With the foregoing description of the present invention, its operation can now be fully explained. A slurry will be fed through the inlet pipe 18 into the reservoir 12 and upwardly directed through the throat 122 of the bottom pan 46. The slurry, as noted, will comprise a desired end product and a fluid, most often water. The slurry will engage the bottom end plate blades 88, which will "throw" or force the slurry outwardly against the perforated screen 68. As the product strikes the screen 68, the water will be forced therefrom and will be forced through the apertures in the perforated screen 88 into the volume 76 by the centrifugal action of the water that is created by the rotating rotor 78. Once the water has entered the volume 76 through the perforations in the screen 68 it will fall downwardly within the volume 76 through the water discharge holes 120 and thus into the tank 24 of the reservoir section 12. As previously noted, the water in the tank 24 will flow from the tank via the discharge 22 and can be recirculated or treated as necessary before discharge into the appropriate water treatment or sanitary sewer system. The product, which may as previously noted, comprise raw plastic beads or spherules will be forced upward through the rotating action of the blades 82 attached to the rotor pipe 80. The product will alternately be forced against the screen 68 and bounce off of it back towards the rotor pipe 80. In this manner, then, the beads or other product appropriate for drying with an invention such as that described herein "bounce" its way upwards in the volume defined between the screen 68 and the rotor 78 until it reaches the area of the scraper blades 166. As the product passes upward into the volume 160 through the opening 192 in the screen positioning plate 138, the product will be engaged by the scraper blades 166, or the air streams created by their rotation, and then will be forced out of the dryer section 14 through the product discharge chute 20 into the appropriate receiving facility. In this manner product can be dried for later shipment to purchasers of the product.
When the perforations in the screen 68 become sufficiently plugged or the screen or other portion of the present invention 10 becomes damaged or otherwise in need of repair or replacement, the locking clamps 114 can be released and the dryer section tipped backwards away from the tank 24 about its pivotal connection thereto. Such as action will expose the bottom pan 46 as shown in FIG. 8. The silt screen 48 can be removed for cleaning or repair if desired at this time. If maintenance interior to the canister is desired, the bottom pan 46 can be rotated until the heads 104 of the locator pins 100 are aligned with the insertion portions 108 of the locking apertures 106, at which time the bottom pan 46 can be pulled away from the canister bottom plate 90 to expose the interior of the canister 66. The screen 68 can be removed for cleaning, repair, or replacement as desired. Because the screen 68 is trapped between the screen positioning plate 138 and the bottom pan 46 during operation, no tools are required to either remove or replace a clogged or damaged screen. Maintenance of both the silt screen 48 and the perforated screen 68 are thus simplified over prior art screens.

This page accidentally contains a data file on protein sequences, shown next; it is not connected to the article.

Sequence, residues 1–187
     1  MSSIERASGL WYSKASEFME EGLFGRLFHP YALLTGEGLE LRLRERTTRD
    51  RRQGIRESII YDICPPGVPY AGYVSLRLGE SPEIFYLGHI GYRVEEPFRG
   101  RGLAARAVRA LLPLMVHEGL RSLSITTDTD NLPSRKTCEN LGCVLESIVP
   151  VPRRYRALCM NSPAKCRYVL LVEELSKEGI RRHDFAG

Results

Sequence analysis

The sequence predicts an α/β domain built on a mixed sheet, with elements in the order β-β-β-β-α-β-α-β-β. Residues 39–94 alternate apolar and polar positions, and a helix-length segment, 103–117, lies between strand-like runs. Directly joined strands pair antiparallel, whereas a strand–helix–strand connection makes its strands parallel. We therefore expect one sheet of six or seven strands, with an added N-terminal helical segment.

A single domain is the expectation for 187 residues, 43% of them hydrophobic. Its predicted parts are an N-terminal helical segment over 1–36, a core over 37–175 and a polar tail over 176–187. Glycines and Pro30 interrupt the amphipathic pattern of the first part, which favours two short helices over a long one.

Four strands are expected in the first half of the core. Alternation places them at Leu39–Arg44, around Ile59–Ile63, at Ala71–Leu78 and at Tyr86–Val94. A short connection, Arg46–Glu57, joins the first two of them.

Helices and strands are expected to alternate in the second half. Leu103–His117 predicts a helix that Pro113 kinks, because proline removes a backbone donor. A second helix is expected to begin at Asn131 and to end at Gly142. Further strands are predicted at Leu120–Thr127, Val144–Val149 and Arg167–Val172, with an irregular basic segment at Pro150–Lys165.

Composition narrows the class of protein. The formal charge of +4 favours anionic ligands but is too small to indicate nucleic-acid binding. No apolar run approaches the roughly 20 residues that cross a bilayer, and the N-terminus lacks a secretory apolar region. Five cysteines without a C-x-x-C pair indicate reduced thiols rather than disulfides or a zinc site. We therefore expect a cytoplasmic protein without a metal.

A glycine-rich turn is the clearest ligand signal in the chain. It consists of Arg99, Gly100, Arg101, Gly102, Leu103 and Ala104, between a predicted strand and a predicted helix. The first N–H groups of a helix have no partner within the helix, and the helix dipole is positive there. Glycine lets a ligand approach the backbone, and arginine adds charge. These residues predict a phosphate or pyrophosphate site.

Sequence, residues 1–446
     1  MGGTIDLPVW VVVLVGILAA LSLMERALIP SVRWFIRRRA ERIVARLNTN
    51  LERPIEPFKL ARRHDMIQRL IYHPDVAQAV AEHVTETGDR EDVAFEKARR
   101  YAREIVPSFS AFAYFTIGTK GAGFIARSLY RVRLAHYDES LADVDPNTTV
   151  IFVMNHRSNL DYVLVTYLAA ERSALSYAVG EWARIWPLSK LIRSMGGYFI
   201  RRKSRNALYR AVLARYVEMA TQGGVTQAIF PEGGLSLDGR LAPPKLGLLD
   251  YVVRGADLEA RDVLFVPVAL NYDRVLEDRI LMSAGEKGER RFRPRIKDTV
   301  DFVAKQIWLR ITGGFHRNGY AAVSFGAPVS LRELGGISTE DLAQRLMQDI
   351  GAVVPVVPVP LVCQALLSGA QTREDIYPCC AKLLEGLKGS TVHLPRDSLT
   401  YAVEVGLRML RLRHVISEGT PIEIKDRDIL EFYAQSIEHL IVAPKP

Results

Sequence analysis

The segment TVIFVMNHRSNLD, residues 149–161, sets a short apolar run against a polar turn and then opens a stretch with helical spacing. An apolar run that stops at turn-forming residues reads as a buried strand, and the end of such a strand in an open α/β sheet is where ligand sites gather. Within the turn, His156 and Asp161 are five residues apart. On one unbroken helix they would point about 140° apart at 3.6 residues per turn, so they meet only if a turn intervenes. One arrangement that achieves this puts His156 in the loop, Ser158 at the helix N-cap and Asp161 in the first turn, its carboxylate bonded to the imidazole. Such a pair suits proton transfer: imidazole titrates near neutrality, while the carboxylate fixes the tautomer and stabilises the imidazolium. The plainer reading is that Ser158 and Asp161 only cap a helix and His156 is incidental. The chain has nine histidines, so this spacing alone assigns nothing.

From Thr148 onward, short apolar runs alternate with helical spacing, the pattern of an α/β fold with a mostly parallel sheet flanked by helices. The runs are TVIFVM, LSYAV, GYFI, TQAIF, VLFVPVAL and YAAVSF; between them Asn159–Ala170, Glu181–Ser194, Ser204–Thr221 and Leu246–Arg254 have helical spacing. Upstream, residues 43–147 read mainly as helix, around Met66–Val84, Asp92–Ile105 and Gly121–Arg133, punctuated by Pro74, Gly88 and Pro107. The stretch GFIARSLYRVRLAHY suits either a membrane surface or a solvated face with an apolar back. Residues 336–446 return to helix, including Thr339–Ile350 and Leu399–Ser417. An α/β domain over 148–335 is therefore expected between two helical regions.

A further improvement over prior art centrifugal dryers is the rotational attachment of the rotor 78 at a single end thereof, which as shown in the Figures is at the rotor upper end 162. Prior art rotors in centrifugal dryers were all rotationally supported at both ends thereof. It has been found that this conventional, known way of attaching rotors within centrifugal dryers creates difficulties in servicing the components interior to the dryer canister by requiring tools to access the screen and the rotor itself for servicing when needed. As seen in FIG. 4 particularly, the rotor 78 is suspended by means of the rotor top plate 164 from its attachment to the rotor shaft plate 170, which in turn is attached to the motor shaft 172. Because there is no attachment of the rotor 78 at the other, lowermost end thereof to any other part of the present invention, removal of the bottom pan 46 can be done without tools, as previously noted, and upon removal will fully and completely expose the interior of the canister 66 for service.
The present invention having thus been described, other modifications, alterations, or substitutions may now suggest themselves to those skilled in the art, all of which are within the spirit and scope of the present invention. It is therefore intended that the present invention be limited only by the scope of the attached claims below.
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|U.S. Classification||34/58, 210/261, 210/257.1, 34/312, 34/167|
|International Classification||B29B13/06, B04B5/12, F26B5/08, B04B3/00, F26B11/08|
|Cooperative Classification||F26B5/08, B04B5/12|
|European Classification||F26B5/08, B04B5/12|
|30 Apr 1996||AS||Assignment|
Owner name: CARTER DAY INTERNATIONAL, INC., MINNESOTA
Free format text: ASSIGNMENT OF ASSIGNORS INTEREST;ASSIGNOR:HAUCH, DAVID A.;REEL/FRAME:007995/0361
Effective date: 19960430
Owner name: CARTER DAY INTERNATIONAL, INC., MINNESOTA
Free format text: ASSIGNMENT OF ASSIGNORS INTEREST;ASSIGNOR:ACKERMAN, KYLE D.;REEL/FRAME:007995/0273
Effective date: 19960430
|31 Mar 2003||FPAY||Fee payment|
Year of fee payment: 4
|11 Jun 2003||REMI||Maintenance fee reminder mailed|
|3 Apr 2007||FPAY||Fee payment|
Year of fee payment: 8
|28 Apr 2011||FPAY||Fee payment|
Year of fee payment: 12